Guide To The Simpsons On The Net

"It's all fun & games until the postman forks over the cease and desist letter." --- the Duke of URL in Suck, December 1, 1995.

If you don't know already, all images, audio, video, and other content relating to The Simpsons are copyrighted by Fox. Most webmasters were aware of this. Students are even taught about the "fair use" laws in computer science classes. But, no one felt Fox would care about the content of Simpson fan sites. Boy, were they ever wrong.

Beginning in mid 1995, Twentieth Century Fox Film Corp. started to obsessively hunt for copyright infringements on the internet. Fox's lawyers felt that websites devoted to their shows would cause the programs themselves to lose money and interest. One of the first documented cases of Fox's actions occured in the days following the premiere of their new show "Millenium". Here is an excerpt from a website explaining what they did.

" On the day of Millennium's premiere, Gil Trevizo, an excited fan of the show, released his unofficial Millennium site that he spent many hours of unpaid work creating. Fox immediately took action by freezing his college e-mail account and sending him cease-and-desist orders to shut down. Although Fox was bombarded with angry internet citizens, Fox held its position."

In the mid 90's, Simpsons fan Jeanette Foshee created hundreds of icons representing Simpsons characters, and spread them across the internet. On October 19, 1995, Fox legal counsel David G. Oakes sent her a letter forcing her to remove the icons from her page and told her to "provide Fox with the names and addresses of all persons to whom such infringing icons have been sold and/or distributed." In the letter, Fox implied that fines of up to $100,000 could be applicable if she did not take this action. She submitted to their demands, but her C & D letter was soon posted on The Simpsons Archive, and Foshee achieved the status of a hero on the web. Rumors persist to this day that Oakes' computer crashed after a blitzkrieg of e-mail from angry Simpsons fans.

Around the same time, Gary Goldberg of opened discussions with Fox about making the webpage a sanctioned, official site. In this article by The Computer Paper, Goldberg explains what happened next.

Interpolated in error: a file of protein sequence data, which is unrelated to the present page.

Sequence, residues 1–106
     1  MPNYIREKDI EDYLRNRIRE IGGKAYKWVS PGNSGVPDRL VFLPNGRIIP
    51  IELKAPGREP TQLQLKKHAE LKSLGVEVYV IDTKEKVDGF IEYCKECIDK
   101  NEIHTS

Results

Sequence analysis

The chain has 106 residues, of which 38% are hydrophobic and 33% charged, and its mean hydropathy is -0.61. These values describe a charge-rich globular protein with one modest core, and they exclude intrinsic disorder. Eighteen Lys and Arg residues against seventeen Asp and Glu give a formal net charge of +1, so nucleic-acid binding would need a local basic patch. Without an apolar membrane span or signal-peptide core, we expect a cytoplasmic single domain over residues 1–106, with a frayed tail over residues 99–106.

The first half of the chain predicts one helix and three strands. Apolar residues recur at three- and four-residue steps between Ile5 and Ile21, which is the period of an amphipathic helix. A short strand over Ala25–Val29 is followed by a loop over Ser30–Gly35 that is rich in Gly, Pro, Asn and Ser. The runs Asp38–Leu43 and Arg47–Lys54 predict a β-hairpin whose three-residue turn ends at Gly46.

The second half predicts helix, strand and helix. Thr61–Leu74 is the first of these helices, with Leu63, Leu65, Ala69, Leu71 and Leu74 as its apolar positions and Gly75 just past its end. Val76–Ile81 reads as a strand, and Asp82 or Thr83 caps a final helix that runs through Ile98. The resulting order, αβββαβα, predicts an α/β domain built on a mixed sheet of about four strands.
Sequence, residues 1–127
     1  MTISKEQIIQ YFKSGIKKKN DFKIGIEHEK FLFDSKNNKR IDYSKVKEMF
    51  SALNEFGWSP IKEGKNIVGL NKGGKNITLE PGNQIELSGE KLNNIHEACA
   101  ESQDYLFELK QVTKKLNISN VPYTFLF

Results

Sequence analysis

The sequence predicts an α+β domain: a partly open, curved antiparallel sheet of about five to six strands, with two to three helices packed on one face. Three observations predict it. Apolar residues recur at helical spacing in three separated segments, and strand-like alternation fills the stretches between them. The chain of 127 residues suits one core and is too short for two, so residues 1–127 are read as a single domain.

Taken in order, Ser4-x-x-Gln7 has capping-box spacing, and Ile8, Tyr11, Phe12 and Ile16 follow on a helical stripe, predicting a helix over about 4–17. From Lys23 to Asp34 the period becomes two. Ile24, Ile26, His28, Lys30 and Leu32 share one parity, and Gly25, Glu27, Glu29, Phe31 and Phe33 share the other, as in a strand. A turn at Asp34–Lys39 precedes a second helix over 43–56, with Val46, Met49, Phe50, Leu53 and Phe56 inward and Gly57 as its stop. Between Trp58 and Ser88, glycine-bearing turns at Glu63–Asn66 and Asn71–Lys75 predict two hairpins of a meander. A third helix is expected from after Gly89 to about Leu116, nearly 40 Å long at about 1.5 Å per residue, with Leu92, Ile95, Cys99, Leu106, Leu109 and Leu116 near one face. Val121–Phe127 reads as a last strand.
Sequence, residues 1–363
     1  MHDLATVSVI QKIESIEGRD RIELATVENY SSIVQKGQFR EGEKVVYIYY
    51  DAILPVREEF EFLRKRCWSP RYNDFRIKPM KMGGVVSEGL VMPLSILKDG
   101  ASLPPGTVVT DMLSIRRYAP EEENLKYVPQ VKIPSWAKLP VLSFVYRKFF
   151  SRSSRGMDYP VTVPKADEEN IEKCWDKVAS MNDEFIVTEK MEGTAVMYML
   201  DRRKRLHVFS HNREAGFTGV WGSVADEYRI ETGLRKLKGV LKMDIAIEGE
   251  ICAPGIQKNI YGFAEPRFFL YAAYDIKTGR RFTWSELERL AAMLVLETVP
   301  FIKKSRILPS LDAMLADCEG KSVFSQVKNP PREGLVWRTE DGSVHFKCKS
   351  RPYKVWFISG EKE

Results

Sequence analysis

"As an offer of good faith I removed access to all the copyrighted materials temporarily, with the message that we were negotiating with Fox over the possible expansion and official blessing on the site," says Goldberg. This was in May, 1995.

In his letter to Fox TV, Goldberg tried to say what he believed were all the right things to gain Fox's official blessing.

"I was pretty excited at this point, and I was positively bubbly to the other maintainers," Goldberg explains. "In my note, I had offered the free and complete resources of DigiMark to design and maintain an official site that would incorporate press releases, biographical information, interviews as well as question/answer feedback with the Simpsons production staff and pointers to other Fox shows and fan materials."

The feedback from his proposal was not what Goldberg expected. "I didn`t receive any response for a week." When Goldberg followed up, the publicist was "completely frigid in her manner, and said that I would be receiving a cease-and-desist letter from the Fox legal group," says Goldberg.

The letter never arrived, but to this day The Simpsons Archive is without any multimedia. Fox opened its official Simpsons site in January, 1996.

Roger Meyers: Our research shows that one person cannot make a difference, no matter how big a screwball she is, so let me close by saying...
Marge: And the horse I rode in on? I'll show them what one screwball can do!

As you can well imagine, fans and website owners were outraged over Fox's purge of Simpsons fan sites. Many articles in the media were written blasting Fox's actions and several protest pages sprung up overnight. Two websites received the most attention during this era: FIST and F�XWorld.

FIST definitely was a revolutionary website in its time. Created by the owner of Homer's Head Sound Archive, a site which Fox ordered to cease & desist, it informed hundreds of thousands of surfers about Fox's actions and how they could help stop the shut downs. Hundreds of website owners put FIST's support banners on their sites. Millenium, X-Files, King of the Hill, and Simpsons fans all united in this effort. The FIST banner was one of the first graphics I ever displayed on Evergreen Terrace. It was the right thing to do; to tell Fox how we felt.

F�XWorld was another protest site maintained by webmasters who had received C&D letters. For those of you who didn't get to see it, F�XWorld was simply a parody of It was hilarious to see the amazing similarities between the former official Simpsons site and F�XWorld's "Sampsons" page.

You had better believe that these sites had an impact on the internet. FIST was praised throughout the media, and Fox redesigned its official site half a year after the birth of F�XWorld. As Fox focused its efforts on bringing King of the Hill webmasters to their knees, there were few Simpson site shut downs in 1998.

< Part I: The Early Years
Part II: The Hunt Is On

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Last updated on October 23, 2004 by Adam Wolf (